The Weekly Wonk: Do lawmakers have a backup plan for the budget?

the_weekly_wonk_logoWhat’s up this week at Oklahoma Policy Institute? The Weekly Wonk shares our most recent publications and other resources to help you stay informed about Oklahoma. Numbers of the Day and Policy Notes are from our daily news briefing, In The Know. Click here to subscribe to In The Know.

This Week from OK Policy

Policy Director Gene Perry broke down the latest version of the Senate Republican health care bill, pointing out that this bill doesn’t fix the core problems of their first draft – it actually makes some of them worse. Perry also urged state leaders not to neglect early childhood education in his Journal Record column.  Oklahoma has had success with our pre-school programs and we need to continue working to preserve those educational gains.

In his Capitol Update, Steve Lewis wonders in state lawmakers have a budget backup plan if the courts find that parts of next year’s budget are unconstitutional. Perry helps us to understand the dispute between Speaker McCall and Rep. Osborn about the recent cuts announced by DHS.

OK Policy in the News

Perry spoke with The Oklahoman about the Senate Republican’s difficulty passing a health care reform package – the Affordable Care Act did benefit millions of Americans and taking away those benefits now would be reckless. OK Policy data made an appearance in two stories about education funding – the Tahlequah Daily Press discussed the consequences of cuts to higher education funding in the state, while Yahoo! News introduced us to a Tulsa teacher who is panhandling to buy classroom supplies.

Weekly What’s That

Per Capita Cap

Like a block grant, a per capita cap is a federal strategy to limit federal spending on safety net programs while transferring a greater share of the responsibility and costs to states. Per capita caps are most frequently suggested as a way to reform Medicaid, the country’s health insurance program for low-income children and families. Under current law, programs like Medicaid are entitlements, funded by a combination of state and federal dollars ​and available to anyone who is eligible. Read more here.

Look up more key terms to understand Oklahoma politics and government here.

Quote of the Week

“The Legislature is responsible for the cuts. It knew that the funding levels it was considering were inadequate, but passed them anyway. The fact that lawmakers didn’t take the time to write a line-item budget (and, thus, acknowledge responsibility) is no excuse.” 

– Tulsa World Editorial Board, pushing back against claims by House leadership that DHS unnecessarily cut programs for foster families, seniors, and people with disabilities (Source)

Editorial of the Week

Michael Overall, Tulsa World

Unless it’s about football or methamphetamine, Oklahomans will instinctively read a list from the bottom up when the states are being ranked on something. When it’s a ranking of “workforce education,” for example, you know you’re not going to see us in the Top 10. So you start at 50 and work your way up and you’ll quickly find us at No. 41. Health and fitness? We’re barely ahead of Mississippi and Kentucky. Public schools? We recently slipped one place to No. 47. Infrastructure and bridges? 42nd.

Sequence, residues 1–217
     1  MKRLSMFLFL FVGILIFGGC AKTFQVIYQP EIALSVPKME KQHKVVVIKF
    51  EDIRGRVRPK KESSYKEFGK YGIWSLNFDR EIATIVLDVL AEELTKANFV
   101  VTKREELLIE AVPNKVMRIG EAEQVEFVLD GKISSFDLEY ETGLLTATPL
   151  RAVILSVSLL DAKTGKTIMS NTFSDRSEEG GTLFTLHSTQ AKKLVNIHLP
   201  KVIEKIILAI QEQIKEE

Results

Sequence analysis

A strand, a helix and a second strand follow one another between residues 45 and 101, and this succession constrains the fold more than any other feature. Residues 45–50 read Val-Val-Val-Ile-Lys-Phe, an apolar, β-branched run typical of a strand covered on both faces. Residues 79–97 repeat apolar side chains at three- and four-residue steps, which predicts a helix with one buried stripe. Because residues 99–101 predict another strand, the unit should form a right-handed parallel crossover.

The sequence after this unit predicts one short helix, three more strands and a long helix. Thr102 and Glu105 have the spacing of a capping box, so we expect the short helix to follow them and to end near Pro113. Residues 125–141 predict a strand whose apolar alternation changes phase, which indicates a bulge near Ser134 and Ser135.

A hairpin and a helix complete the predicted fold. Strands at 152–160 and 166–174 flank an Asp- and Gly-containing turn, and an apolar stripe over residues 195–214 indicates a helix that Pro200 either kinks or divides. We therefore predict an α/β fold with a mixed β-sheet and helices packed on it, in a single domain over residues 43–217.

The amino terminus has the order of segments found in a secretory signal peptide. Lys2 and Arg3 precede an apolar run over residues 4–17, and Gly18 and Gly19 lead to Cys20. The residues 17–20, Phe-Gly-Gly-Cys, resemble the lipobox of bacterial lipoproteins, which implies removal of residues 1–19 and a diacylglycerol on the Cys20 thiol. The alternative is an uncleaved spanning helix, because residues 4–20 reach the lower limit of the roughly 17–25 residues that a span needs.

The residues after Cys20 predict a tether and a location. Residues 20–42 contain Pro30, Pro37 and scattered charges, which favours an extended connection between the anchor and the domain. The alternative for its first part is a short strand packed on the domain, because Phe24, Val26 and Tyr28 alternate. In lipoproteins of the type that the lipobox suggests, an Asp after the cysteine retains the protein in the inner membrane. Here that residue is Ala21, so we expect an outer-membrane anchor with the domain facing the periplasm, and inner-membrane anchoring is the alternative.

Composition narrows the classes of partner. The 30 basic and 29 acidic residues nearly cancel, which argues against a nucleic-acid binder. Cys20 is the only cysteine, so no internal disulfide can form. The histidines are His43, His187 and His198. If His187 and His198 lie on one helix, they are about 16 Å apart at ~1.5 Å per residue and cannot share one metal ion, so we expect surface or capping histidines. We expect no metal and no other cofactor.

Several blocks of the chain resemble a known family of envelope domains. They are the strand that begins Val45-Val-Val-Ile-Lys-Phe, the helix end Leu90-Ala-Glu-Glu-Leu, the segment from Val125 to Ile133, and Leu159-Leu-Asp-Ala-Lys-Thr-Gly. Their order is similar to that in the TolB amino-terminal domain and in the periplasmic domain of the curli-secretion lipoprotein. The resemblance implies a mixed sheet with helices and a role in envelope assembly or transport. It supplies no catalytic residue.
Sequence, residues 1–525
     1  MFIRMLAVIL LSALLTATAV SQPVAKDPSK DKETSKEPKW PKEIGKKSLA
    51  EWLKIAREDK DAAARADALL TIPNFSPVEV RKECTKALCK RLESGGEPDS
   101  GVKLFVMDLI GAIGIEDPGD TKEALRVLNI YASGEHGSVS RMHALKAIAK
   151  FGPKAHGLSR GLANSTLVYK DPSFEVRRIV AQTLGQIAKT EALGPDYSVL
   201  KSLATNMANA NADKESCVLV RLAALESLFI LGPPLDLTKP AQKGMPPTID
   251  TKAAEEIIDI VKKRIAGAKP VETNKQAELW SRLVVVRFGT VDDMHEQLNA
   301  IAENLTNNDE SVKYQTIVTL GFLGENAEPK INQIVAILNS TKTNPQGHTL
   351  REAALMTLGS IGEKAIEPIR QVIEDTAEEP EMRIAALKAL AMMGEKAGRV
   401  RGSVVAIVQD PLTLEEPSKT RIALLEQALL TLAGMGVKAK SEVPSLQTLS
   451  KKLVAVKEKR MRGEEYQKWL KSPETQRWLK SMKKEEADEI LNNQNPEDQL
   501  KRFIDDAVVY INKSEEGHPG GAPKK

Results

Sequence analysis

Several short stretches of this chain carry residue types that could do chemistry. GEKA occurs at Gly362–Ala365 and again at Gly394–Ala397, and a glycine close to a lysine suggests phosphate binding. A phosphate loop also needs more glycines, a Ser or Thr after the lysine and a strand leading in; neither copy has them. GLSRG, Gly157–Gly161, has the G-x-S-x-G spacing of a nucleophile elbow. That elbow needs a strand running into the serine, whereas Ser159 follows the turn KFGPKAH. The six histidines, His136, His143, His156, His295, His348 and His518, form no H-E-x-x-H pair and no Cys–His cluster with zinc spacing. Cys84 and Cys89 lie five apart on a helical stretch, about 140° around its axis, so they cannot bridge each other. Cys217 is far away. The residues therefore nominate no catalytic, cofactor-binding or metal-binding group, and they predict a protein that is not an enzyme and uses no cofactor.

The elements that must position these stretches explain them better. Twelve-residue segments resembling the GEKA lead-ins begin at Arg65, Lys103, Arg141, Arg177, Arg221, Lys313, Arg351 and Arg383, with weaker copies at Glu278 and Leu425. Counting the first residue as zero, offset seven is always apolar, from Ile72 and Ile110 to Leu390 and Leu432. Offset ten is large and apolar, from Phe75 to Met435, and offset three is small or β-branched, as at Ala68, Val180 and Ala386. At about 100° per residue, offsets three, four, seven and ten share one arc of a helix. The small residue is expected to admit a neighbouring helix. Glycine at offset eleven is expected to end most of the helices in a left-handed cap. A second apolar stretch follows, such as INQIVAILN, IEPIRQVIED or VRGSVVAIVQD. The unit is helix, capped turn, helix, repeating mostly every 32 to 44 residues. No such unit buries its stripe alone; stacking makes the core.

Numbers of the Day

  • 54.6% – Share of U.S. workers earning at or below the minimum wage who are age 25 or older, 2016
  • 19% – Share of non-elderly Oklahoma SNAP recipients with disabilities, 2013-2015
  • 632,030 – Number of Oklahomans who are food-insecure, 2015
  • 13 – Number of home health and personal care aides for every 100 adults with disabilities in Oklahoma, 2013-2015
  • $119 – Average monthly SNAP benefit per person in Oklahoma, 2016

See previous Numbers of the Day and sources here.

What We’re Reading


Courtney Cullison worked for OK Policy from 2017 to 2020 as a policy analyst focused on issues of economic opportunity and financial security. Before coming to OK Policy, Courtney worked in higher education, holding faculty positions at the University of Texas at Tyler and at Connors State College in eastern Oklahoma. A native Oklahoman, she received an Honors B.A. in Political Science from Oklahoma State University, and an M.A. and Ph.D. with emphasis in congressional politics and public policy from the University of Oklahoma. While at OU, Courtney was a fellow at the Carl Albert Congressional Research and Studies Center. As a professor she taught classes in American politics, public policy, and research methods and conducted original research with a focus on the relationship between representatives and the constituents they serve.

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